A few things that Stone seems to ignore. According to the US Department of Labor, the current percentage of Puerto Ricans working for the government is about 27% not 60% as his blog claims. As for economic prosperity, Stone also overlooked 2010 US Census statistics (ooops) that show that the island has gotten poorer and that there is a growing gap between rich and poor. Finally, Stone seems to overlook something very basic about Puerto Rico that shows a clear ignorance about the island: the economic culture created by those “Democratic governors” was a direct cause of (wait for it), a 113-year-old colonial relationship with the United States. The culture of dependence has thrived in Puerto Rico because of its the colonial relationship it has had with the United States ever since the US invaded the island in 1898 during the Spanish American War.

Stone continues and concludes:

Fortuno is tall, handsome and articulate. He has been active in the National Republican Party and is a member of the Puerto Rican Statehood Party. Puerto Ricans are the fastest growing segment of the Latino community and Hispanic Americans are the largest growing sector of the American electorate.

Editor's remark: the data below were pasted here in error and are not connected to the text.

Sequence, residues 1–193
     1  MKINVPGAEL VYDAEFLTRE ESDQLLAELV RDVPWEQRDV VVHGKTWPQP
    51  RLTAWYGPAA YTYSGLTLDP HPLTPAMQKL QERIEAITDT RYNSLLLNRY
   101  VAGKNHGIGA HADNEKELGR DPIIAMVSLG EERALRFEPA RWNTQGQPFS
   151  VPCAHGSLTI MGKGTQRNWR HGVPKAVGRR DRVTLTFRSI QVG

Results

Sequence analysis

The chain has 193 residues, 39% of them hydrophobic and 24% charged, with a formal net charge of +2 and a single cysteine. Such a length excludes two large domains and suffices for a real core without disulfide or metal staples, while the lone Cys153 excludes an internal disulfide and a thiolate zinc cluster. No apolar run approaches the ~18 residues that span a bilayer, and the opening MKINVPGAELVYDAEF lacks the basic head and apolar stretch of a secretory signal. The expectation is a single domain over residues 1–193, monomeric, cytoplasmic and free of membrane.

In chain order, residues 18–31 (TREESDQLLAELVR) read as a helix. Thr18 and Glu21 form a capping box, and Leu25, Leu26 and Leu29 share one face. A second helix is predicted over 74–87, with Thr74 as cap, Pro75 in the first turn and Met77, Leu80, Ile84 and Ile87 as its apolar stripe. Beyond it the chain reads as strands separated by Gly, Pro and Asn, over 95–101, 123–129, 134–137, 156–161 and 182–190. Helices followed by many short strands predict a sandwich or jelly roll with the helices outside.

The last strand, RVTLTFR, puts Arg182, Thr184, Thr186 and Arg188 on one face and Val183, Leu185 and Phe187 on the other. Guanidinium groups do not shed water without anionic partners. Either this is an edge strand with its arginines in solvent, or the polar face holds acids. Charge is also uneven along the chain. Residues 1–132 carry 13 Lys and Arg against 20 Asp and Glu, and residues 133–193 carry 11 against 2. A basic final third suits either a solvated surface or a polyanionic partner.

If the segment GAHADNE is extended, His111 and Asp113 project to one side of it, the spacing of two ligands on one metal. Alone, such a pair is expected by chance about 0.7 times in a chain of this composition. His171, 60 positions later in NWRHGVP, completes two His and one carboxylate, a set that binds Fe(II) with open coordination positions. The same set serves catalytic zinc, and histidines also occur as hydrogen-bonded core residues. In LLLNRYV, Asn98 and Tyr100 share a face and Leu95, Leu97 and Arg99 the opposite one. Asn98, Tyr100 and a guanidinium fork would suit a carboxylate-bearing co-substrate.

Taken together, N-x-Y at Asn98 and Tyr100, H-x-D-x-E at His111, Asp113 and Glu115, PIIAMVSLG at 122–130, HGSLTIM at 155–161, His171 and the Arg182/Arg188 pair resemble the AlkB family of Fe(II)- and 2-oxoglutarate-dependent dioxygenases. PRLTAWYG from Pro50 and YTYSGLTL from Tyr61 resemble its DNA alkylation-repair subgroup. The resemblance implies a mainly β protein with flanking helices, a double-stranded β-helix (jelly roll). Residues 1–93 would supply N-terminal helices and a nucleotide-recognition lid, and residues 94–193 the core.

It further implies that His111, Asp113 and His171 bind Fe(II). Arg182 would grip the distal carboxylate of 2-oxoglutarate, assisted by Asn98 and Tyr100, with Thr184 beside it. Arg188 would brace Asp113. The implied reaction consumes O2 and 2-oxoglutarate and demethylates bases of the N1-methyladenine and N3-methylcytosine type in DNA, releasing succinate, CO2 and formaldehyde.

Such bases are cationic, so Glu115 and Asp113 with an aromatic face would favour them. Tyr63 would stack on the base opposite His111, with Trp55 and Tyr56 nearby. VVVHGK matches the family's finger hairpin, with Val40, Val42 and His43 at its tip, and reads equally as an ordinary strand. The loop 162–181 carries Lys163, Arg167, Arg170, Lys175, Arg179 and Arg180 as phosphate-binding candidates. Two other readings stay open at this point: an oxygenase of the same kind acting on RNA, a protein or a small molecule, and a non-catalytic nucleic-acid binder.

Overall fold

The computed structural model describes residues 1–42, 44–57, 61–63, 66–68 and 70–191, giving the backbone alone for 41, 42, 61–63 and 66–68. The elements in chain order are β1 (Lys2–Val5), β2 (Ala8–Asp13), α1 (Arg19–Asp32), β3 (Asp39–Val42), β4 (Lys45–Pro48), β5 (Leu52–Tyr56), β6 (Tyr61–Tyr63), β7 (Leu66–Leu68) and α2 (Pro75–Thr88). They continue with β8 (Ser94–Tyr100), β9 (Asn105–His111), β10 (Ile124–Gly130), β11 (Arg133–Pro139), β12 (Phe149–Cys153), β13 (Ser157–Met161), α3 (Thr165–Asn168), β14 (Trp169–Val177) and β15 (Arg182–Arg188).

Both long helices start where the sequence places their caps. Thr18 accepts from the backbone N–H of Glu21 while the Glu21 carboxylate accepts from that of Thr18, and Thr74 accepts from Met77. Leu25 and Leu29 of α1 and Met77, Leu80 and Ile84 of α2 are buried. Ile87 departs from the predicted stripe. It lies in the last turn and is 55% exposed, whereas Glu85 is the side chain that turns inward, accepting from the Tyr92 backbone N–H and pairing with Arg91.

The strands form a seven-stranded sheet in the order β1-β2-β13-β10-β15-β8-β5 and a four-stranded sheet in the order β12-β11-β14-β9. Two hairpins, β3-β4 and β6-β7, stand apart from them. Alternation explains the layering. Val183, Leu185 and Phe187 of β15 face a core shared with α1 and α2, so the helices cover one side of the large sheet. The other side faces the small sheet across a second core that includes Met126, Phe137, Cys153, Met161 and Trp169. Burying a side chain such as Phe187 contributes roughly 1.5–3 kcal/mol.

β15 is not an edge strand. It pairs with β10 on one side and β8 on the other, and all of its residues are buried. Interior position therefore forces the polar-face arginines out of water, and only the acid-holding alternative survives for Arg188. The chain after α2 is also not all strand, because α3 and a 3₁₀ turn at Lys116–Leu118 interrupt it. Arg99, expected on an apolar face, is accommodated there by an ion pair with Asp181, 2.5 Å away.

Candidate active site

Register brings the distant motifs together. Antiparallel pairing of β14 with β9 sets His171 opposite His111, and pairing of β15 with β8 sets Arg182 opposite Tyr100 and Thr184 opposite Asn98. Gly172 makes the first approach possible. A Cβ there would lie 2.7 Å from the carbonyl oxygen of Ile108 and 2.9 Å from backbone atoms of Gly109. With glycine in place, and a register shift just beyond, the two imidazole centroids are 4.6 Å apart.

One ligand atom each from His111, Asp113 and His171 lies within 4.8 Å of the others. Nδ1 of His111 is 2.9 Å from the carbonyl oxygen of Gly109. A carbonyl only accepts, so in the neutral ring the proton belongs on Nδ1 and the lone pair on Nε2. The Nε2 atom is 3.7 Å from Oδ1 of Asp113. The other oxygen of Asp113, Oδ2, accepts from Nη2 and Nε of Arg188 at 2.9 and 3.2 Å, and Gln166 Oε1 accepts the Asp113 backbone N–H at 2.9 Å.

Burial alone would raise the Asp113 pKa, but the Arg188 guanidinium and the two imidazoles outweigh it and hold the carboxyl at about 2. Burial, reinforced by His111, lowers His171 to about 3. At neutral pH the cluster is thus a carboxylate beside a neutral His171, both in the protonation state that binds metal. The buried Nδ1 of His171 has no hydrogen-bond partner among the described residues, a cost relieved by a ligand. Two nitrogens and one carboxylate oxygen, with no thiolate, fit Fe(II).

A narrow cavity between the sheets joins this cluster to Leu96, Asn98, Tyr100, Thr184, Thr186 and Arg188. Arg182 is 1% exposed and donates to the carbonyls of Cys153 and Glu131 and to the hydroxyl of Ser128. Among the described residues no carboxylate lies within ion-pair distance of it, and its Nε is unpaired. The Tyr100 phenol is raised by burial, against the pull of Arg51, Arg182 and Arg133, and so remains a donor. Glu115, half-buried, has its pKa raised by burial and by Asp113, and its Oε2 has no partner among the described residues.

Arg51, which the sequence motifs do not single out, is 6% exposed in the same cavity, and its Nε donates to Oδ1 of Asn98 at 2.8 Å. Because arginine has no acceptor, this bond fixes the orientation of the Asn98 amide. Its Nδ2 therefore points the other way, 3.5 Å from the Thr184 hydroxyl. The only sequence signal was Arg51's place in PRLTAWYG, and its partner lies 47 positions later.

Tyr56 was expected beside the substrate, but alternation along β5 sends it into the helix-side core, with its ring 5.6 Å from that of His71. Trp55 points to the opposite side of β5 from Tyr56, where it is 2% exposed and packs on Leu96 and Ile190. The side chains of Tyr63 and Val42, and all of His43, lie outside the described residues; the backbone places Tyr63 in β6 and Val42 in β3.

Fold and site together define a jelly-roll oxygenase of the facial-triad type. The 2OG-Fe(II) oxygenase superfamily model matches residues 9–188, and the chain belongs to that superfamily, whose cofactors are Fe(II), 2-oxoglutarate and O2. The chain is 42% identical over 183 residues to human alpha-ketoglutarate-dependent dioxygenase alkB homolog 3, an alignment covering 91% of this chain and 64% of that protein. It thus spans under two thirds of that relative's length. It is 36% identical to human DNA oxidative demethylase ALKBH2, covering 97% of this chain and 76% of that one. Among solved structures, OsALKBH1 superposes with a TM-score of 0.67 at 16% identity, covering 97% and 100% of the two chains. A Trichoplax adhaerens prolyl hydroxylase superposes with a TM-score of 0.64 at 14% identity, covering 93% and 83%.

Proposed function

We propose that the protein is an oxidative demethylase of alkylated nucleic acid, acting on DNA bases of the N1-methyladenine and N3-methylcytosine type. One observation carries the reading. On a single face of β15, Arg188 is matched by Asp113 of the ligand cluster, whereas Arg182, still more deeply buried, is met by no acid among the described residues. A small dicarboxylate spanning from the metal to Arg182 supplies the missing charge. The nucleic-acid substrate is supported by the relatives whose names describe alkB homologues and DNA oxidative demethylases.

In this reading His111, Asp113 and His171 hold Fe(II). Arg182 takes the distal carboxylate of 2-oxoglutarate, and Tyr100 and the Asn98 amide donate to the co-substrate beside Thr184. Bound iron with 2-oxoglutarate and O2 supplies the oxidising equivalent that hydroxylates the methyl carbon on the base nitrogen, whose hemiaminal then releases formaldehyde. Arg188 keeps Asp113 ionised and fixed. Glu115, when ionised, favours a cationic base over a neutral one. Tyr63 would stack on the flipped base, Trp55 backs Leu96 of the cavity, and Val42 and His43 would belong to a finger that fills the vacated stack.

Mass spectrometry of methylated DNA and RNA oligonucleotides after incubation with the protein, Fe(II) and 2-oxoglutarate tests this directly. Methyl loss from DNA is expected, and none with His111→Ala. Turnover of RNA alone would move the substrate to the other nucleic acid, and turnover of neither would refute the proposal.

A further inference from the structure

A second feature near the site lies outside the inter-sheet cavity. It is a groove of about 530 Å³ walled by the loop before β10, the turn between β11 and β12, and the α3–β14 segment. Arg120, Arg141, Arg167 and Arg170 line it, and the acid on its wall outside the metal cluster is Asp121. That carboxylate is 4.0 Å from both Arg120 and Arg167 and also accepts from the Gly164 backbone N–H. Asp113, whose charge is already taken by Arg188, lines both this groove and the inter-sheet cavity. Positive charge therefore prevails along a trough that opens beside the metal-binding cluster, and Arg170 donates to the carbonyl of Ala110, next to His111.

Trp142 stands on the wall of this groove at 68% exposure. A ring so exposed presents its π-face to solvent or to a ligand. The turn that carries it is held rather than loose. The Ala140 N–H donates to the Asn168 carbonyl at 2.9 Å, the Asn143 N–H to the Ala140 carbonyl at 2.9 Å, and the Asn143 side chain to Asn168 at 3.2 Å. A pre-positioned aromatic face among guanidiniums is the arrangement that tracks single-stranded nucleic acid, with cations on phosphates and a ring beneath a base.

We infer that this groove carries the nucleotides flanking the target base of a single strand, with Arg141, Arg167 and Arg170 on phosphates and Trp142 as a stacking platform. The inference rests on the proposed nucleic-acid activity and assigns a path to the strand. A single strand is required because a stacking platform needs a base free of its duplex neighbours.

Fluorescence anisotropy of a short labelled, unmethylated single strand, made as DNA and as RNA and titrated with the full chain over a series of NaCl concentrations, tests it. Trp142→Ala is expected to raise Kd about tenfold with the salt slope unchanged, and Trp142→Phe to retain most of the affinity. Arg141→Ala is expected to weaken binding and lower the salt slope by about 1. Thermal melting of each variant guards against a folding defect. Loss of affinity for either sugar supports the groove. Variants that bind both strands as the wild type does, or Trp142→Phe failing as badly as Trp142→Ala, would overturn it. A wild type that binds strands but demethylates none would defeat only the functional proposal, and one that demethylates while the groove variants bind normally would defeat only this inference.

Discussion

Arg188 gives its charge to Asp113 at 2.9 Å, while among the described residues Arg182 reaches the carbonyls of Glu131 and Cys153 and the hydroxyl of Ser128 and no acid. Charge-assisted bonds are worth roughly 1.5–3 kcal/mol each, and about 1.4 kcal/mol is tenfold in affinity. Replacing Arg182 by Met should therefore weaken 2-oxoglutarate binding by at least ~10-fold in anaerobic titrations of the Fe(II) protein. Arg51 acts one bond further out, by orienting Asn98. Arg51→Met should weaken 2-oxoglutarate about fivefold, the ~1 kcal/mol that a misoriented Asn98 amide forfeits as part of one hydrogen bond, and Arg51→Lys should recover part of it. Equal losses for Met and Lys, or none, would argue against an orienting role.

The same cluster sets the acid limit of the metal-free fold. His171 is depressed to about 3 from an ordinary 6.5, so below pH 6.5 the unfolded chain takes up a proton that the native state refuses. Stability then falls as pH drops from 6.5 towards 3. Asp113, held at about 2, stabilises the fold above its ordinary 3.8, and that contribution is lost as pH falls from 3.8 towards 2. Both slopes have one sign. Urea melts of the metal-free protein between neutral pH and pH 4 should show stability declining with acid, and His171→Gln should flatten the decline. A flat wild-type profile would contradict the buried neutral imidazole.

Hispanic Americans are increasingly dissatisfied with the Democrat Party. The GOP presidential nominee would be wise to consider a sitting Republican Governor who would bring charisma, star power and excitement to the campaign and launch a crusade to win Hispanic American votes based on shared conservative values on many issues. Luis Fortuno is that man.

Stone should come down to the island and ask residents how much “charisma” and “star power” Fortuño has. This year’s polls from the island’s largest TV network would tell a different story. And like the governor said, Puerto Rican “economic prosperity” is clear now that Victoria’s Secret and PF Chang’s are launching stores on the island.

But we will give Stone the benefit of the doubt. We understand that facts are silly things, but we will say that if you are going to craft the American public the myth of Luis Fortuño, you might want to actually do more research.

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Looks like 2012 is shaping to be the MOTHER of POLITIQUERÍA (loosely translated: political shenanigans) on the island colony of Puerto Rico, as politicians begin to hedge their bets and in some cases, employ a classic cover your culo mentality. Today, Senate President Thomas Rivera Schatz, a member of the island’s pro-statehood New Progressive Party (PNP), has backed off from pushing a different election date for the island’s plebiscite status vote and has washed his hands from claiming any accountability in ensuring the statehood party’s success in the vote.